Despite their nine-game unbeaten run coming to an end on Tuesday, Hartlepool United look a team transformed under Matthew Bates this season.
Here our writer Liam Kennedy takes a look at the SIX key tactical tweaks, off field developments, signings and appointments that have turned Pools from relegation battlers to a force at the right end of the fifth tier table.
SYSTEM, THREE AT THE BACK & FOOTBALL INTELLIGENCE
The switch was a controversial one, but it has worked perfectly.
Three at the back takes a certain type of player to play the system. A player with intelligence, mobility and one happy to, at times, work out of their comfort zone. Pools’ defenders have proven they have all of those attributes in abundance.
Further forward, the midfield have dovetailed perfectly with Liam Noble and Nicky Featherstone working perfectly in tandem, with whoever slots in alongside them.
That balance may not quite be right in the final third just yet, but it must be remembered that Pools, the system, the squad and the manager are still a work in progress.
WIDTH - THE REMOVAL OF WINGERS
Last season, because of the players at their disposal, Pools were stuck in their ways.
They often played with their strikers as the main width. This is gone under Bates.
There are no square pegs in round holes. Gone are the days of Devante Rodney and Rhys Oates on the flanks, replaced by the likes of Ryan Donaldson and Mark Kitching, who both add strength to the side in their own individual way.
Fans have been calling for wingers, and complaining that is what Pools lack. I simply do not see it.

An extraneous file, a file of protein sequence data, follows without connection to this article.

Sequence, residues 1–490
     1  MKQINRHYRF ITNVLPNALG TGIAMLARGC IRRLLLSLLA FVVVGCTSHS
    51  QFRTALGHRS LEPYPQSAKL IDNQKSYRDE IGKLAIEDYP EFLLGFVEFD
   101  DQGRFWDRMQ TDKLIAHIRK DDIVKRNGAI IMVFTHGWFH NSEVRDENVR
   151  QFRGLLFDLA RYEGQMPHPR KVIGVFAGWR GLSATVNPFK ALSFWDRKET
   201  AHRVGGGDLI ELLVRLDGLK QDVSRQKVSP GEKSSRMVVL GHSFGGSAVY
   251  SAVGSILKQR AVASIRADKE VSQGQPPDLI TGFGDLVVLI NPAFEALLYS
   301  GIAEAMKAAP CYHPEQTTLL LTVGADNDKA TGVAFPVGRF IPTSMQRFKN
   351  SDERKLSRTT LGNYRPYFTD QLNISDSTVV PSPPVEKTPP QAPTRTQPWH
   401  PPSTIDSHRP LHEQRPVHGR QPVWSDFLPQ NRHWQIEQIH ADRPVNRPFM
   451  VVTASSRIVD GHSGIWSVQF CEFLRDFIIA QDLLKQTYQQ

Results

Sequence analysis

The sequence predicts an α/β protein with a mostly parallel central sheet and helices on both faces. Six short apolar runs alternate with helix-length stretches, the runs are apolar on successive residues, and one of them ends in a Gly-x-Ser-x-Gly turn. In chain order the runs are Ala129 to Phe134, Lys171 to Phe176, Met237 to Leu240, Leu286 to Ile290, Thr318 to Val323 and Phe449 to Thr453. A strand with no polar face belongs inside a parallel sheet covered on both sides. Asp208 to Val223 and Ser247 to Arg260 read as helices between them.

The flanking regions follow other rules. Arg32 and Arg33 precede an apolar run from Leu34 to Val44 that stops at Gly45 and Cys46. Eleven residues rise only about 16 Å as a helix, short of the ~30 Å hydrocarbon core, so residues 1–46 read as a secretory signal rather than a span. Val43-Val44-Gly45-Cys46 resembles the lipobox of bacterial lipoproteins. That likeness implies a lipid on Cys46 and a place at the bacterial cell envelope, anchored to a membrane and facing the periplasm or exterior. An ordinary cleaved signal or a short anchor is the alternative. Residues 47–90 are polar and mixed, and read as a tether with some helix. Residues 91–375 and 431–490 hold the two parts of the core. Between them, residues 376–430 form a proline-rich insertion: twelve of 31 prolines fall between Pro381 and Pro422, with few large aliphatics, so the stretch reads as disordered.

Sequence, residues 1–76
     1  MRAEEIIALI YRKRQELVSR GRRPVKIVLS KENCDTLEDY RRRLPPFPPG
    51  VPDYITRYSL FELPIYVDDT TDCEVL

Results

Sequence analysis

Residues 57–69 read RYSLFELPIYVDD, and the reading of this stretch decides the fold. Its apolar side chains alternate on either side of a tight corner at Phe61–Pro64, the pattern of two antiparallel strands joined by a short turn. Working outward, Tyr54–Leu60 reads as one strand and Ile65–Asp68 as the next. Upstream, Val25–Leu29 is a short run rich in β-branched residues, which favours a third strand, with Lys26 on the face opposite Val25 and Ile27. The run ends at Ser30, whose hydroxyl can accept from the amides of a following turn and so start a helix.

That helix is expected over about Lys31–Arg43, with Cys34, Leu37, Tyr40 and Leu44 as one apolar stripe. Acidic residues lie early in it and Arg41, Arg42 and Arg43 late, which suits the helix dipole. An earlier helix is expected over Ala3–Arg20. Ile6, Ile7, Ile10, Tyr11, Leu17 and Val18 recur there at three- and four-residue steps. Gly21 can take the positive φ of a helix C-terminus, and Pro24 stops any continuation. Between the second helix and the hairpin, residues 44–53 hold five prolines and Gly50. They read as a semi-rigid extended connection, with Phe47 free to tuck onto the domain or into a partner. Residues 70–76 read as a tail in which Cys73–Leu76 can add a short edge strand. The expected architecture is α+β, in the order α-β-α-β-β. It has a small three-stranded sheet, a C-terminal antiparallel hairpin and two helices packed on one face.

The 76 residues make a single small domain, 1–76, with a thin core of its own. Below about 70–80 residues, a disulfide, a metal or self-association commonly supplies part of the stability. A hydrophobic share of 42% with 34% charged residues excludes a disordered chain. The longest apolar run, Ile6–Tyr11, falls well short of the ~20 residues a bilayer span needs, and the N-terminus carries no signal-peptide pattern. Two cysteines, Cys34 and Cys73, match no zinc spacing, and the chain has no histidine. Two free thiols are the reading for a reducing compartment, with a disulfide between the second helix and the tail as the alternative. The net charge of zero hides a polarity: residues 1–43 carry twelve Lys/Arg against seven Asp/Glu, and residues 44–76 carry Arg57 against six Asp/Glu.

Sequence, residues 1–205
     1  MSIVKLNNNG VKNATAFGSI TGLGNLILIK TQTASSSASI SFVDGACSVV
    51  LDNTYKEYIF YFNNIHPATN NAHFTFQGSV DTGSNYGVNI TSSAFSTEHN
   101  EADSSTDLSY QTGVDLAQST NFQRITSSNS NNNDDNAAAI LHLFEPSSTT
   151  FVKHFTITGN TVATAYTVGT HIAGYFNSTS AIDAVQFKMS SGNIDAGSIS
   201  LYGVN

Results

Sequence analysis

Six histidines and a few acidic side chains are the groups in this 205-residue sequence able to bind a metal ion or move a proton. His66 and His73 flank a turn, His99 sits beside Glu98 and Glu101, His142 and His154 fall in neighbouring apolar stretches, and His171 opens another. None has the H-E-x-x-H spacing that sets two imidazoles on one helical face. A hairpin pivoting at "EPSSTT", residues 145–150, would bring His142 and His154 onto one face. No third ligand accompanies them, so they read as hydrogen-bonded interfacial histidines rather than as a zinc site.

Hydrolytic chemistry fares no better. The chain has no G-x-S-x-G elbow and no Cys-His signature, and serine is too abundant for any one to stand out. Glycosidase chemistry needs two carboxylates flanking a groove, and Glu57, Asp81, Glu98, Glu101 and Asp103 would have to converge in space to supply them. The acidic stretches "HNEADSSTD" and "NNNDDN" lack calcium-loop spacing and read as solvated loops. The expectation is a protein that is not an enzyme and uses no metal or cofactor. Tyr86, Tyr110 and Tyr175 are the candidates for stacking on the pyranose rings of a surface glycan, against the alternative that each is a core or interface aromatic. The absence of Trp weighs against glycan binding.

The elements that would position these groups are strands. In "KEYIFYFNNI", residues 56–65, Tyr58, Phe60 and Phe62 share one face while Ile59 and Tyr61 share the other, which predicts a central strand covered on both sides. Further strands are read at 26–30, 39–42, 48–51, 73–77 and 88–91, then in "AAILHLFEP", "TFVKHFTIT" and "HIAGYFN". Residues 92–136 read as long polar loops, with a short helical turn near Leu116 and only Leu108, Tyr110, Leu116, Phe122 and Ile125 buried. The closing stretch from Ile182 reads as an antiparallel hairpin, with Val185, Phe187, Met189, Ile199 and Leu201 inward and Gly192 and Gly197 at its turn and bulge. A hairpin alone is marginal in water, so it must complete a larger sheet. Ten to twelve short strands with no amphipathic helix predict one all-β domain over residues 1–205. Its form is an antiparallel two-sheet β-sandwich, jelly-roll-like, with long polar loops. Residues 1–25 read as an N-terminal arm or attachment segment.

Kitching adds height and a good engine. He may not have produced in the final third but he has been a target at the back post in attack, and someone for Scott Loach to hit, as well as doing his defensive work with little fuss.
Donaldson is a proper winger who goes at players, as well as being smart enough to learn his trade on the job as a defender.
Pools don’t lack width, all they probably lack is a focal point in attack.
INSTILLING BELIEF & CONFIDENCE - THE MATTHEW BATES EFFECT
Bates has transformed this club in a footballing sense.
Confidence has flooded back, there is a degree of organisation and a thoroughness in preparation. The players are thriving under their manager.
And so far he’s managed to squeeze every ounce of quality out of the squad, who are basically fighting for promotion against clubs like Leyton Orient, Wrexham and Salford, who have thrown a hell of a lot more cash at it than Pools have.
COACHING METHODS - KEY APPOINTMENTS IN KEY POSITIONS
With Bates being inexperienced he had to bring in someone he knows and trusts alongside him, as well as someone with a relevant, working knowledge of the game in the North East. He couldn’t have picked better than former Sunderland academy chief Ged McNamee.
To complement that Ross Turnbull has come to the club have had a career which saw him play Premier League football with Middlesbrough and Chelsea, win a Champions League medal as well as spend time a Leeds United. His CV commands respect.
The work he has done with Loach has been second to none, unlocking that potential Fabio Capello saw when he called him up to an England squad as a kid at Watford.
One major change has been the switch from longer training sessions to much shorter, more intense work. You can tell the likes of Bates, Turnbull & McNamee have worked at top clubs in the not too distant past. They are passing that knowledge on to their players daily.
SHREWD MOVES IN THE TRANSFER MARKET
It’s clear to see now that a number of Pools players signed in the summer could, and should, be operating at a much higher level.
How Bates, and director of football Craig Hignett, managed to get Liam Noble in the summer is anyone’s guess. He is a class act on the field and a real character off it - the type of player Pools have been crying out for for years.
Luke Williams’ injuries have arrested his start to life at Pools, but when he gets on the park he’s head and shoulders above this level.
Peter Kioso and Niko Muir have also far exceeded expectations and that’s without really mentioning Andrew Davies, who, despite a three-goal defeat, was man of the match at Salford on Tuesday.